A few weeks ago, while shopping with my family at an Asian supermarket, I walked past a woman in her 50s, complaining in Cantonese about a man who had mistresses in mainland China. Speaking as if she was cursing her husband in front of her, it was quite easy to see that she had been traumatized by an adulterous man, most likely her husband. I wonder to myself why she behaved like a mad woman in public. Has she been so hurt that she had become consumed with hate for her husband? Then there are also women I have encountered who had such a horrible relationship with their fathers that they transferred the trauma into their marriages.

Crabb also shares about one woman whose husband on their wedding night preferred to watch a football game than to have sex with her. When the wife woke up the next morning, her husband then said that he "screwed" her when she was sleeping. Angry and frustrated, the relationship went downhill, with the woman quickly becoming a seductress, unable to heal from her brokenness. The defensively deranged woman is not able to recover from a broken past toward healing, as her focus is often on revenge, on bitterness, and on hate.

C) Fear of Loss of Blessings (Premature Satisfaction)

The other extreme is also unstable. Crabb talks about the woman who lives on blessings alone. They let their joy be tightly linked to blessings of good marriage, good kids, good social circles, to define what a good life is. In their overwhelming trust in these good things, it also means the focus is away from building trust in God alone. Such a woman embraces only the good, and refuses to accept the bad. The relational aspect gets compromised as instead of building a relationship with God, the prematurely satisfied woman builds her relationships on blessings alone. It takes the godly woman to be able to trust in God whatever the good or the bad.

D) Fear of Loss of Control (Angrily Hardened Woman)

Like men, anger is an emotion that impacts woman a lot. A woman undergoing pain and painful memories may hide their anger through numbing one's emotions. The "tough lady" image is popular. Toughness is not the issue. Unnatural dealing with anger is the issue. By allowing her sense of "I should have been better treated" to dominate her life, she unwittingly starts to control other people's lives. Some mothers attempt to control their sons and daughters under the guise of doing what is best for them. The trouble is, it can backfire. Their biggest hurt or regret comes when they realize that their adult children are not willing to share openly with them their real struggles. With the female gender that is high on relational matters, it hurts when the closest relationships are not close at all.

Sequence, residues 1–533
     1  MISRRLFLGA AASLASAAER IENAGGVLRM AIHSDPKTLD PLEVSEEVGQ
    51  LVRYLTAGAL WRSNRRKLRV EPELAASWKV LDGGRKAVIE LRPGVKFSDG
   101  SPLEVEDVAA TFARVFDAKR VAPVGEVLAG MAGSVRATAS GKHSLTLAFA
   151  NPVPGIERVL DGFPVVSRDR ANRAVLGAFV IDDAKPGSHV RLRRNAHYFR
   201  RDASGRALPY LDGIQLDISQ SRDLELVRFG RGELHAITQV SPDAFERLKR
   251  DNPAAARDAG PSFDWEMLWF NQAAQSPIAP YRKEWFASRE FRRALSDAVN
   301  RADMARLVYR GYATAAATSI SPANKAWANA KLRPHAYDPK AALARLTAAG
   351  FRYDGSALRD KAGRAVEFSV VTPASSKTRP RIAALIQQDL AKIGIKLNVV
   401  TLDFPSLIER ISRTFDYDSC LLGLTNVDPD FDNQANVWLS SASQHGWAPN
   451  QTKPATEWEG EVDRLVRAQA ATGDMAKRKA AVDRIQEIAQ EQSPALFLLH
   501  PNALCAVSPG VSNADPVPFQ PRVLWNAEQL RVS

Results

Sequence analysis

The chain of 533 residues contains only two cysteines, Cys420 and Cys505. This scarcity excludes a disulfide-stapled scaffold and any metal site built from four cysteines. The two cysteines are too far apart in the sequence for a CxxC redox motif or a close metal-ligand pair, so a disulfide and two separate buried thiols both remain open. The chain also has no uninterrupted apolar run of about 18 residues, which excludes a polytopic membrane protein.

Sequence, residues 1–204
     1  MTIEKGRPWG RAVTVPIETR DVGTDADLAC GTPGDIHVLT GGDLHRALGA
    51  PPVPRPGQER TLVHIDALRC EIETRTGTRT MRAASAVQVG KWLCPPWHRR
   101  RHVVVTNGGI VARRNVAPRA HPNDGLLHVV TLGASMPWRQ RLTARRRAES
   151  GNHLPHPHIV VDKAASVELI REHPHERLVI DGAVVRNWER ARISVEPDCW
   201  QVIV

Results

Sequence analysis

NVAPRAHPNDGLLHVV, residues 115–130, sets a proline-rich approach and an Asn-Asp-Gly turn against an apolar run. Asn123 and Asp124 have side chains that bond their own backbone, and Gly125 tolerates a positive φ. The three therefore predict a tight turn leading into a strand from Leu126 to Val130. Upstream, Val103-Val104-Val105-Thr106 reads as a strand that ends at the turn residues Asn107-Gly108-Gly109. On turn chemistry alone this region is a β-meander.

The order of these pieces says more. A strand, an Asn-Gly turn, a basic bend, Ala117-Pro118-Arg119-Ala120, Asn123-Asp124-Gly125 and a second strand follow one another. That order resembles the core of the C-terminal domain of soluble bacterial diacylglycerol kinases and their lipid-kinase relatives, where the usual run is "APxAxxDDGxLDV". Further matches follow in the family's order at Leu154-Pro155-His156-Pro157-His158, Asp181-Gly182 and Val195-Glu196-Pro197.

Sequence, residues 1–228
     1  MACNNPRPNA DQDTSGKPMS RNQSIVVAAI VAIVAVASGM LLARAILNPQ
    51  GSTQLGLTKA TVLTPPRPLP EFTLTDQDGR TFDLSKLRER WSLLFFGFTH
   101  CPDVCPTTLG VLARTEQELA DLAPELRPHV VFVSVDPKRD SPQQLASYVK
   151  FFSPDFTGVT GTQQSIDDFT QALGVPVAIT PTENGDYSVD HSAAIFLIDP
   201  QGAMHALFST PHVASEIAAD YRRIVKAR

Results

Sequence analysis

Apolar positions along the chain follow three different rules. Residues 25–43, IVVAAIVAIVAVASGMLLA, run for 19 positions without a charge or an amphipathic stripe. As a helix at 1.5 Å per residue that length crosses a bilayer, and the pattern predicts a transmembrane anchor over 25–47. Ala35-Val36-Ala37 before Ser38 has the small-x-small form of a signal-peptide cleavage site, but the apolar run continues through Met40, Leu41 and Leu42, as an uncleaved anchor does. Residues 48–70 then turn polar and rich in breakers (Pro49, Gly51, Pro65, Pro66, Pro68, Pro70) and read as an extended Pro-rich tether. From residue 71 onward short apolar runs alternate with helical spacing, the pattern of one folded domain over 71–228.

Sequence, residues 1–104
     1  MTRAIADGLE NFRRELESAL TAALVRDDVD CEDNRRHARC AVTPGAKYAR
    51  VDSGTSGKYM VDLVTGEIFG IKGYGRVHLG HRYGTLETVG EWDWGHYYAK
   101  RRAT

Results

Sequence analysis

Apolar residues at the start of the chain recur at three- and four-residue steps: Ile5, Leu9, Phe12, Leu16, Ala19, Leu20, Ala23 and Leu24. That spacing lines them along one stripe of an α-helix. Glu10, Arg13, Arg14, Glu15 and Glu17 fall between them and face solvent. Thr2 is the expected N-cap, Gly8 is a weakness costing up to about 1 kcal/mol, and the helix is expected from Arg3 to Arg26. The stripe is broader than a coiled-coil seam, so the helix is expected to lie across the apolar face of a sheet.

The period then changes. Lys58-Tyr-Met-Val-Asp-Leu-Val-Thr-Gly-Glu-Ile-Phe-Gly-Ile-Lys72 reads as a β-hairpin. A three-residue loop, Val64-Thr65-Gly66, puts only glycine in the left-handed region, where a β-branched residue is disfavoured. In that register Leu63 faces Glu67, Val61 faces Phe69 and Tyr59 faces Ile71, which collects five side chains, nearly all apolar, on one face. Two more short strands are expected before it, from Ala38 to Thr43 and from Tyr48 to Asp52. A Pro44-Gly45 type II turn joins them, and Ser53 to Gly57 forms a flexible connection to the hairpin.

E) True Woman (Visibly Troubled)

The first three types of women continue to play hide-and-seek with themselves and their emotions. If there is a common trait, it is a fear of their broken relationships that lead them to performing lots of hiding and little of seeking. The defensively deranged woman hides her past hurts with emotional and mental instability. The prematurely satisfied woman hides her true needs by becoming absorbed in the good things of life. The angrily hardened woman hides her fears through grit and controlling behaviours. It is the fourth woman that is most feminine in the biblical sense.

This fourth type is what Crabb describes as self-aware and God-oriented. Most importantly, she does not hide. She faces boldly her fears and trusts that God will help her. It is this disposition that defines the godly woman:

"God, I come to You. Do with me as You want. Embrace me in Your perfect love that casts out all fear.

The story of Ruth is an excellent example of a visibly troubled woman who chooses the God of her mother in law, even after the passing of her husband. Knowing that her status is low, and her hope is bleak, she clings on to a faithfulness that is anchored in God alone. Some say that her desire is to be a faithful daughter in law. Others say that she had no better decision to make. I think not. Firstly, Ruth had every right to go marry someone else. Becoming a widow was an accepted state in society. There was no shame. Secondly, Ruth could have returned to her own homeland, just like Orpah. The fact that Ruth chose to stick with her is a conscious decision. More importantly, we note that Ruth does not need to choose God. Yet, she makes a conscious decision to bind her heart to God. With that decision, God blesses her with one of the greatest blessings ever: Bloodline to King David.

Being feminine is not about good looks or biologically features. Being feminine is relational. It is being invited into building that relationship solely and solidly in God alone. The best woman one can ever become is to be a woman of God. A woman of God will be a deep source of blessings to all around. Let us pray for our women friends and family that they too can be the women of God that they have been called to be.

THOUGHT: "The fact that I am a woman does not make me a different kind of Christian, but the fact that I am a Christian does make me a different kind of woman." (Elisabeth Elliot)


Copyright by SabbathWalk. This devotional is sent to you free of charge. If you feel blessed or ministered to by SabbathWalk weekly devotionals, feel free to forward to friends, or to invite them to subscribe online at . You can also send me an email at for comments or enquiries. Note that views expressed are personal opinions of the author and do not necessarily represent the views of any organization.